Dr Alex George is an A&E & TV doctor. He has been working in A&E as an emergency doctor throughout the COVID-19 pandemic and has become a well-known and respected figure amongst healthcare professionals in the UK, bringing the nation accessible and reassuring advice directly from the frontline.
Alex is on a mission to make mental health education compulsory in schools, and has become prolific throughout the UK in his campaigning with charities such as YoungMinds, Anna Freud Centre & Mind, witha goal to ensure mental health sits alongside the likes of Maths and English on the curriculum. Alex has now been appointed by the Prime Minister as Youth Mental Health Ambassador to the government.
Alex is a resident presenter on ITV’s Lorraine, has presented for Watchdog and also appeared on Celebrity Masterchef. Alex is also a fully qualified Level 3 PT.
Find out more about Dr Alex: Instagram @dralexgeorge Twitter @dralexgeorge TikTok @dralexgeorge YouTube: Dr Alex George
During long months of the pandemic, millions of us turned to nature. Our research on the mental health impacts of the pandemic showed going for walks outside was one of our top coping strategies and 45% of us reported being in green spaces had been vital for our mental health. Websites which showed footage from webcams of wildlife saw hits increase by over 2000%. Wider studies also found that during lockdowns, people not only spent more time in nature but were noticing it more.
It was as if we were re-discovering at our most fragile point our fundamental human need to connect with nature.
Nature and our mental health
Nature is so central to our psychological and emotional health, that it’s almost impossible to realise good mental health for all without a greater connection to the natural world. For most of human history, we lived as part of nature. It is only in the last five generations that so many of us have lived and worked in a context that is largely separated from nature. And it is only since a 1960s study in the US found that patients who were treated in hospitals with a view of nature recovered faster, that science has started to unpack the extraordinary health benefits.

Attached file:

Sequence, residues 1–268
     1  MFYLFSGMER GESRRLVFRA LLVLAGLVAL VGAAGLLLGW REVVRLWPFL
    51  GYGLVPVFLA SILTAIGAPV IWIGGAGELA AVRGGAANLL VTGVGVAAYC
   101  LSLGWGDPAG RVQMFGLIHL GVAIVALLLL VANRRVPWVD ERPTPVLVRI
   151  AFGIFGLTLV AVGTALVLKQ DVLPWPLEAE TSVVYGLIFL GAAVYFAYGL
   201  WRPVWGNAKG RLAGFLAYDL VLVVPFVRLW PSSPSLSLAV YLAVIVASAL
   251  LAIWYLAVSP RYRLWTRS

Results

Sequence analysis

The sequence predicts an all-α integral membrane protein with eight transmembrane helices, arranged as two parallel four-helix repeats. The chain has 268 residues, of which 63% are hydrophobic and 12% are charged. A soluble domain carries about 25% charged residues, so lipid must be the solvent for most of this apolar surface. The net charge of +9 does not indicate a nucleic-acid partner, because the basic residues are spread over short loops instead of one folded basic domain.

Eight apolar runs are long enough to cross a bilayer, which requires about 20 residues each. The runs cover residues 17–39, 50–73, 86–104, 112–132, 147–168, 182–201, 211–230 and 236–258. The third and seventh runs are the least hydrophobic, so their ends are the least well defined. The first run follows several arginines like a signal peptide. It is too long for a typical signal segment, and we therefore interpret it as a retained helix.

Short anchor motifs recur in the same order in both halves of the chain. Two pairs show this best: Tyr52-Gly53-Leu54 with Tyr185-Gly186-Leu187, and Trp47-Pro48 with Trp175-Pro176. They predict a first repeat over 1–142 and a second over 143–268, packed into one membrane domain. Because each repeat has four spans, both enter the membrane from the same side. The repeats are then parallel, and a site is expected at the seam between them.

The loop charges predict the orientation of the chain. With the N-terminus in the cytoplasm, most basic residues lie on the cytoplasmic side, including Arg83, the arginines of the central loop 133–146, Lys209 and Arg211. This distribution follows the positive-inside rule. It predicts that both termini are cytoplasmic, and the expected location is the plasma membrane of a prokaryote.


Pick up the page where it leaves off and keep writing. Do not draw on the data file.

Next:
During Mental Health Awareness Week 2021, we will pull together the evidence that demonstrates the powerful benefits of nature for our mental health. We will look at nature’s unique ability to not only bring consolation in times of stress, but also increase our creativity, empathy and a sense of wonder. It turns out that it is not just being in nature but how we open ourselves up and interact with nature that counts. We will show that even small contacts with nature can reduce feelings of social isolation and be effective in protecting our mental health, and preventing distress.
Nature is our great untapped resource for a mentally healthy future.